Our communication is improving, I can tell. Just at dinner a few minutes ago, we were talking almost like there wasn’t a communication gap. She asked what was okay for dinner, I answered. I asked if it was alright to turn on the T.V., and she said, “yes, go ahead.” I put on this campy show I didn’t even know what was happening on it; sometimes it was like it was paralleling star wars and random american stuff, and other times it was silly people smacking each other with mallets and talking about super heroes in sexy outfits….Don’t ask.

I told her bits and pieces about my friends and family, and she asked what sort of things my mom makes for dinner and so on. We ate and watched T.V. and laughed and I felt understood for the most part. I hope she did too. She’s opened her home to me and been so nice and helpful; I can only hope she understands what I’m trying to say most of the time. I spam thank you’s a lot, but try to branch out and find other ways to express it. XD

I offered, very badly, to help with cleaning up, and I think it went alright. If I messed up once or twice, she laughed or smiled when she helped me out. It’s kind of fun, actually, though constantly trying to think and speak in another language is very tiring at times. I used to think it was the jet lag that made me tired at 7 p.m. the past few nights, but I think a part of it is psychological. It’s partially trying to bridge that gap in understanding.

This was the best night so far. I’m feeling a little homesick, but it’s been nice to still see and hear my family on skype from time to time. Sometimes the country makes me feel lonely and confused, and sometimes, ironically, it’s the other Americans with me on my trip that make me miss home and comfort the most. They’re all pretty nice, but I miss my friends who understand the sort of weird person I am. I feel like I’m trying to both adjust to a new country and make new friends at the same time (not meaning friends I may make in Japan through interacting with new  people) and it’s very hard. But I want to have fun and learn and I think the less I worry about it, the more naturally it will begin to flow.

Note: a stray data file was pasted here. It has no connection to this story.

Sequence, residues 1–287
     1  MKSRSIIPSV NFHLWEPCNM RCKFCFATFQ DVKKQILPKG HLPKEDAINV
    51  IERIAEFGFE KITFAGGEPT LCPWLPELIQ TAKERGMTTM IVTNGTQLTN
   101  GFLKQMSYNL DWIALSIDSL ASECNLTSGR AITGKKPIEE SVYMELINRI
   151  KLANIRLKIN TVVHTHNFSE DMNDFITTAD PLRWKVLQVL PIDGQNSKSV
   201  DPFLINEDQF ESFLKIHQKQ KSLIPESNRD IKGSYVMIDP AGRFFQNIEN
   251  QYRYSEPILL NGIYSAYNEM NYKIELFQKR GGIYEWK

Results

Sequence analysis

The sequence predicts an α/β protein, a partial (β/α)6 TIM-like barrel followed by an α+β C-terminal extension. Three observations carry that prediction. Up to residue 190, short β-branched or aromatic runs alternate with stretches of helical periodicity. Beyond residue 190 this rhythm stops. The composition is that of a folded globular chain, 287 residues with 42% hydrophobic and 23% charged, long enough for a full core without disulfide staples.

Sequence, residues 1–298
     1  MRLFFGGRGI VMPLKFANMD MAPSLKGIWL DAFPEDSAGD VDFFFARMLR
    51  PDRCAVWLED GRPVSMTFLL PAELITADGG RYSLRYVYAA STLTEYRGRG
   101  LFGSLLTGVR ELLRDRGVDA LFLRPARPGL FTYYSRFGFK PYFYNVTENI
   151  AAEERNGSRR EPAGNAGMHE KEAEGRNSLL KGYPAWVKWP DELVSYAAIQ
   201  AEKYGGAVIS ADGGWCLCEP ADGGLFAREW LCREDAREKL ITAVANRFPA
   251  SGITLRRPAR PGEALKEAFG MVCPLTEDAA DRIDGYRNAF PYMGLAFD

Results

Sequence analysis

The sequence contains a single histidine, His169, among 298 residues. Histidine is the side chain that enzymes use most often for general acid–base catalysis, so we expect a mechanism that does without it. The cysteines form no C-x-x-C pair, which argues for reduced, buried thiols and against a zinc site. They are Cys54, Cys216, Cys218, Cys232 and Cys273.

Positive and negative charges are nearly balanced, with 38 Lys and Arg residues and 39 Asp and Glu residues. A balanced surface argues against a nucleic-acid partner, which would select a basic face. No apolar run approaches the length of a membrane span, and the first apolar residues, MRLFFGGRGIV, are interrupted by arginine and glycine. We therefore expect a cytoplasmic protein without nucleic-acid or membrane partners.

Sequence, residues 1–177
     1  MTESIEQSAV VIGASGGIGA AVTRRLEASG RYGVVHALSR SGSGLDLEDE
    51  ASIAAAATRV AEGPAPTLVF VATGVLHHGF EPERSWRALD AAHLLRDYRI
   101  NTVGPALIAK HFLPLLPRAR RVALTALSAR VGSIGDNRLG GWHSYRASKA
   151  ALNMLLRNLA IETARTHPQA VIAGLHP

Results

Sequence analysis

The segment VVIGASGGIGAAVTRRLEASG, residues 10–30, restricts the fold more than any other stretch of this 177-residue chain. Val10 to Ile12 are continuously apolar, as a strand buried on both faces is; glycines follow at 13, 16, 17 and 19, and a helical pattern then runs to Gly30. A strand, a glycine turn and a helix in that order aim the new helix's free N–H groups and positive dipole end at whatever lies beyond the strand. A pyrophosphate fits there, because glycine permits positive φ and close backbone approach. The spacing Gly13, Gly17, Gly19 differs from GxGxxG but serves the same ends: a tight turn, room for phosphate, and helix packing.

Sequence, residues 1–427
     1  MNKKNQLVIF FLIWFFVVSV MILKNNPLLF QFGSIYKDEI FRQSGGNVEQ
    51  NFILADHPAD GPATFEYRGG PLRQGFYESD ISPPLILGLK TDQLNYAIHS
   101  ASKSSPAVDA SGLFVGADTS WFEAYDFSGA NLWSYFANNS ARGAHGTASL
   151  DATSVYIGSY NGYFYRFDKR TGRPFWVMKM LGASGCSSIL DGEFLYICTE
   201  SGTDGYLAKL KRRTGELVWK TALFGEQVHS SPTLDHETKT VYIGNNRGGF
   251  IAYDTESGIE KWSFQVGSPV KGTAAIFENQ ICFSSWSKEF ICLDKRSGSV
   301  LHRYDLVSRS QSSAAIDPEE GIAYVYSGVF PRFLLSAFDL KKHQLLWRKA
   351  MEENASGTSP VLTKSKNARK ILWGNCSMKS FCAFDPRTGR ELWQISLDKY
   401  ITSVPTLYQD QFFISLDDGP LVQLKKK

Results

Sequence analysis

Speaking of flow…water…bath…it’s a stretch, but okay! I can’t avoid talking about it. The bathtub here is AWESOME. I tried it tonight, and it is heaven! I love being able to fill it up to my chin. I love being able to fit some comfortably and be fully immersed; it could only be better if the tub was long enough to fit a 5 foot 8 inch person comfortably lying down, because then you could really just lie back and relax and it would be wonderful. It is awesome to just lounge for a while in that huge thing. I don’t care if I’m ever rich or anything, but I want that tub no matter what. Even if I have to have one imported, it is sooooooo worth it. :)

Other than that, not much else to say. Sometime I miss being able to read the signs and commercials; strangely, that’s one of the big things I miss about home. The stupid jingles and commercials; Japan has them too, but even if they were subbed in English, the cultural gap is wide enough that the jokes and nuances would probably be lost on me. Even with all the anime I watched. Speaking of which, I think I want to study a little and see if I can load a subless anime on my computer. The internet is slow where I am but I can get a video completely up in maybe 25 minutes and I can practice by picking an episode I haven’t seen and watching with the subs off to see how much I can pick up on my own. I’m sort of rambling now, but as anyone who knows me can probably tell you, my mind just works that way. It’s random, and sometimes there’s no traceable train of thought from one thing to another. But hey. Short attention span for you. Oh look, a house fly!

Nah, just kidding. :) But now I’m going to study, maybe watch some anime stuff, skype if anyone’s on, then go to bed. I’ll see what happens tomorrow. Thanks for reading :)

 

 

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5

Stumble to the Starting Line

Posted by maggie on May 12, 2012 in In Japan